It was nice to see Jalen Rose on Friday at the ACC. Though his Raptors tenure will not be remembered for many wins or playoff appearances, he remains one of the best interviews in the NBA. Rose is a true “call it like I see it” guy and whether you agree with his opinion or not, you have to respect the way he carries himself. He has become one of the most watchable retirees out there in broadcasting and is a solid addition to the Grantland staff. It was great to hear his take on the Vince Carter trade one which he was very closely affected by when he was playing here. Referring to the players the Raptors got in return for Carter as a “box of rocks” and reminding us that Rafael Araujo was our number one draft pick that year are the type of straight up comments you’d wish more players weren’t afraid to say. He was and still is one of my favourites to listen to.
There is one thing I can’t stand about basketball and that is the incessant complaining to referees that players do on almost every single call. Usually it is the LeBron’s and Kobe’s of the world that a guilty of it, but lately I have seen my own Toronto Raptors complaining a lot more to the referees.
Now, it is a good sign that the Raptor players now feel they deserve calls on our side as it wasn’t long ago that referees would almost completely ignore our players getting hacked and bounced around by opposing teams because we were so terrible. But it might be getting a bit out of hand lately.
While I agree with most of the “twitterverse” about the strange calls and lack thereof during the late stages of the Lakers game on Sunday, it should be noted that the Raptors straight up stunk it up. A call here or there in the Raptors favour could have made a difference in the final outcome, but so could a bucket or two on the offensive side of the game and the Raptors couldn’t buy one of them.
You can’t play for the whistle and the Raptors seemed to be doing that a lot in LA. I hope Casey reminds them of this in practice and gets them back to playing the gritty style of play that got them to the top of the Eastern Conference.
Zan Tabak Herald
Zan for Three
Too Legit to Quit
Let’s get this straight right off the top. This Raptor team is for real. They’ve got fight, they’ve got heart and they are continuously finding ways to win games. It has been a long time since this city has seen a team that is able to do the things that this team can. If you are already thinking about a top three seed in the East and a long playoff run, you might be getting a little bit ahead of yourself, but not by much.
This team is scoring in bunches and sharing the ball and finally playing more consistent defense. It would be fair to point out that the Raptors have had a fairly easy schedule thus far in the season, but they have come up big in games against tough teams. Yes, there was the loss to Chicago, but the Raptors also reeled off decisive victories over Washington, Atlanta, Memphis and Cleveland. The Raps are showing they can hang with the best in the league.
This Raptor team is going to make some noise. For the first time in a long time you can raise your expectations for this teams success.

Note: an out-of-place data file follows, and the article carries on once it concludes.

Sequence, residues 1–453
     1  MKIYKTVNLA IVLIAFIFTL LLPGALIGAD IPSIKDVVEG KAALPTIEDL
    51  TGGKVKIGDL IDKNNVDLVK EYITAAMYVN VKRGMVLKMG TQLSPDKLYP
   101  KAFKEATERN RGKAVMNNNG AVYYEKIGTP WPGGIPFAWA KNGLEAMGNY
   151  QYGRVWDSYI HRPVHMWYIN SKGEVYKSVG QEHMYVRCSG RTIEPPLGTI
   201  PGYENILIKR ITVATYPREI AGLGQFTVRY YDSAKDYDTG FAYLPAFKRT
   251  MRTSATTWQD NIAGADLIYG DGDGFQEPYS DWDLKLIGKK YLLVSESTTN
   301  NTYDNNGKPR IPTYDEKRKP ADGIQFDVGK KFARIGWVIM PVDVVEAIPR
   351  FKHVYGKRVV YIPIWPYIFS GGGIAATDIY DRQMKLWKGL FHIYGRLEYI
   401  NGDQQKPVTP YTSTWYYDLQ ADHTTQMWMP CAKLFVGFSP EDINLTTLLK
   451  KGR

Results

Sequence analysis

This could and should be a very special year.
The Raptors biggest strength this year has definitely been their bench. Last year Masai Ujiri traded Rudy Gay for Vasquez, Patterson and Chuck Hayes. This summer Ujiri went out and added James Johnson and Lou Williams. Both have been incredibly effective when called upon.
Lou Williams is some kind of hot right now. He was brought in for his ability to provide instant offense off the bench for the Raptors’ second unit, but he’s been looking like our go-to guy this past week. He poured in 22 against the Bucks and followed that up with a very impressive 36 points in Cleveland. More than that, he has not been a deficiency on the defensive end.
His efforts off the bench earned him the Eastern Conference Player of the Week award and has Raptor fans seriously wondering how good he can be. Whether or not he can maintain his current pace, one thing is for sure; Williams will play a pivotal role for the Raptors this season.
We The North
Raptor fans are the best. They are. I’m not just saying that, they are absolutely the best fans in the association.
Not only are they loud and boisterous at the ACC for every home game, they travel with the team now. This week a large contingent of Raptor fans traveled to Cleveland for a very important clash against Lebron and the Cavs. Not only were the fans supportive throughout the whole game, they were often louder than the hometown Cavs fans.
Raptor fans are taking over.
In The Paint
The Raptors are playing exceptionally well this season, but if they are going to make noise in the playoffs they are going to need their bigs to play better ball.
Jonas has shown signs that he is finally ready to turn the corner and provide that consistent double-double every night inside. Last night he was dominant inside against a much smaller Suns team and that advantage needs to be utilized more. He’s done a better job lately of staying out of foul trouble and is looking dominant on the offensive end. For some reason he is still not seeing a lot of court time in the fourth quarter. If he is going to become the player the organization and the fans envision, he is going to need fourth quarter experience.